In the Name...
There was once a young curate who always preached about confession. No matter what the Sunday texts, he always managed to find a way to bring up the subject. So, one day, his rector told him, "Look, this Sunday is the Feast of St. Joseph and I just want you to preach about him." Well, the day came, the curate entered the pulpit and began, "My friends, today is the Feast of St. Joseph, a man who worked with his hands in his carpentry shop. Now, carpenters make things out of wood, like boxes. Which brings me to think about confessional boxes."
Ah, confession. A suitable topic, though, for a Lenten sermon, isn't it? We hear it's good for the soul. But, what is it - really. Back in 1992, I remember a headline in The Washington Post which read, "Congressmen Go to Confession." At the time, I wondered if this portended some religious revival on Capitol Hill, but, no, the story was about the congressmen who were to be publically named in the House banking scandal. I don't know if you remember that particular event, but, in an attempt to mitigate the political damage, dozens of them came forward, before the indictments, to admit their wrongdoing.
This is a pattern we see repeated whenever a public official or celebrity finds him or herself in trouble for something they've said or done. There's the expression of regret, the verbal apology, the reaction of the offended party, and the check-in at the rehab clinic. Tiger Woods. Mel Gibson, Lindsey Lohan. All this, though, is, in a curious way, a demonstration, in a secular context, of the four elements which together make up the Sacrament of Reconciliation, often called 'confession' for short.
Sacraments are miracles, ways in which God acts in our lives to bring us closer to Him. For example, the Sacrament of Baptism makes our mortal souls immortal and gives us eternal life. In the Sacrament of the Eucharist, ordinary bread and wine become the flesh and blood of Christ and, when we receive them, we are spiritually joined to Him. And in the Sacrament of Reconciliation we receive the forgiveness of our personal sins and the restoration of our personal relationship with God.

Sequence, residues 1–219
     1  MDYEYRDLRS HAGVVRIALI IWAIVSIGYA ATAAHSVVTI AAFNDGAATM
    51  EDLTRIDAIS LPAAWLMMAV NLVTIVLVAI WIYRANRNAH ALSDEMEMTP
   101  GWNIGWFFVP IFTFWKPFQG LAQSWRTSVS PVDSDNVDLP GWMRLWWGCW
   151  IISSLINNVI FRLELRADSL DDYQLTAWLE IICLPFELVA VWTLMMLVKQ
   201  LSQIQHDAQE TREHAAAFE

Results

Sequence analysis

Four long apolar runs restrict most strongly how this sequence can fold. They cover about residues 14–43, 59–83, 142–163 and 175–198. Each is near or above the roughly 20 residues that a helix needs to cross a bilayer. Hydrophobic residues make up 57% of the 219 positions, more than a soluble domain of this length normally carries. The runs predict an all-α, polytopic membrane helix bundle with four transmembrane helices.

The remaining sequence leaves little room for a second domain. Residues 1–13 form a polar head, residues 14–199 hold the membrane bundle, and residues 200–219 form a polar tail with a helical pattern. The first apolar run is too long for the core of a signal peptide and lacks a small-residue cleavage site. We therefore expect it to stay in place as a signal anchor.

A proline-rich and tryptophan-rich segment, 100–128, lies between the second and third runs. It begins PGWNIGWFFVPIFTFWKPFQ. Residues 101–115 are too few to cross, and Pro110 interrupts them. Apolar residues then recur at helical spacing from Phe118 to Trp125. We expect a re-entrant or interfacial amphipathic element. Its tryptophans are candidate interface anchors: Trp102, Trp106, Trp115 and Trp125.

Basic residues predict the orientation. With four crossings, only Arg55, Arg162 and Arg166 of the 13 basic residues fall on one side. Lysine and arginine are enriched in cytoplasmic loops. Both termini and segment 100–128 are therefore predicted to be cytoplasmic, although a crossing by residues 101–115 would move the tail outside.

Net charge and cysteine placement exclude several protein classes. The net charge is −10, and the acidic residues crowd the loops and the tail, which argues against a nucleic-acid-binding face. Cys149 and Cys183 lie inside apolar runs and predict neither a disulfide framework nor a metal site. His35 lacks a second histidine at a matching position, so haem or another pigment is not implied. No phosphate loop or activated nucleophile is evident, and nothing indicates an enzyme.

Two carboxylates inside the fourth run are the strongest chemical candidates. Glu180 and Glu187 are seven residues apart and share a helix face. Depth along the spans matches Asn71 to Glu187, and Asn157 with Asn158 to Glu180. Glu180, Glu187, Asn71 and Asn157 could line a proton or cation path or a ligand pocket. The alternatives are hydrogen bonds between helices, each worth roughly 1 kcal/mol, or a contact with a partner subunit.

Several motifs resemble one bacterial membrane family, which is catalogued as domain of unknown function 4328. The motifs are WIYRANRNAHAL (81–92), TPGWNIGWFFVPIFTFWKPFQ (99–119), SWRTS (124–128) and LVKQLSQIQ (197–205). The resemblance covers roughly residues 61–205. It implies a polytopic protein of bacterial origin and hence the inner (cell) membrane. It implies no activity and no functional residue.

Now that last one sounds really good in theory, but, in practice our culture doesn't want to admit that there's anything wrong with our relationship with God or with what we do or how we live and yet that's the whole message of the Gospel. As I said, last week, the great temptation we face is to live sin-free, to blame others for our mistakes, to justify our actions. But, as I also said, it's hard to call Jesus our Saviour unless you recognize you need saving.
In 1977, New York's Citicorp tower was completed. A beautiful building, on the outside, but, the year after the building opened, the engineer, William LeMessurier, came to a frightening realization. The tower was flawed. In his design, he had failed to take into account the wind tunnel effect caused by the neighbouring skyscrapers. Under the right conditions, he discovered, his building could collapse.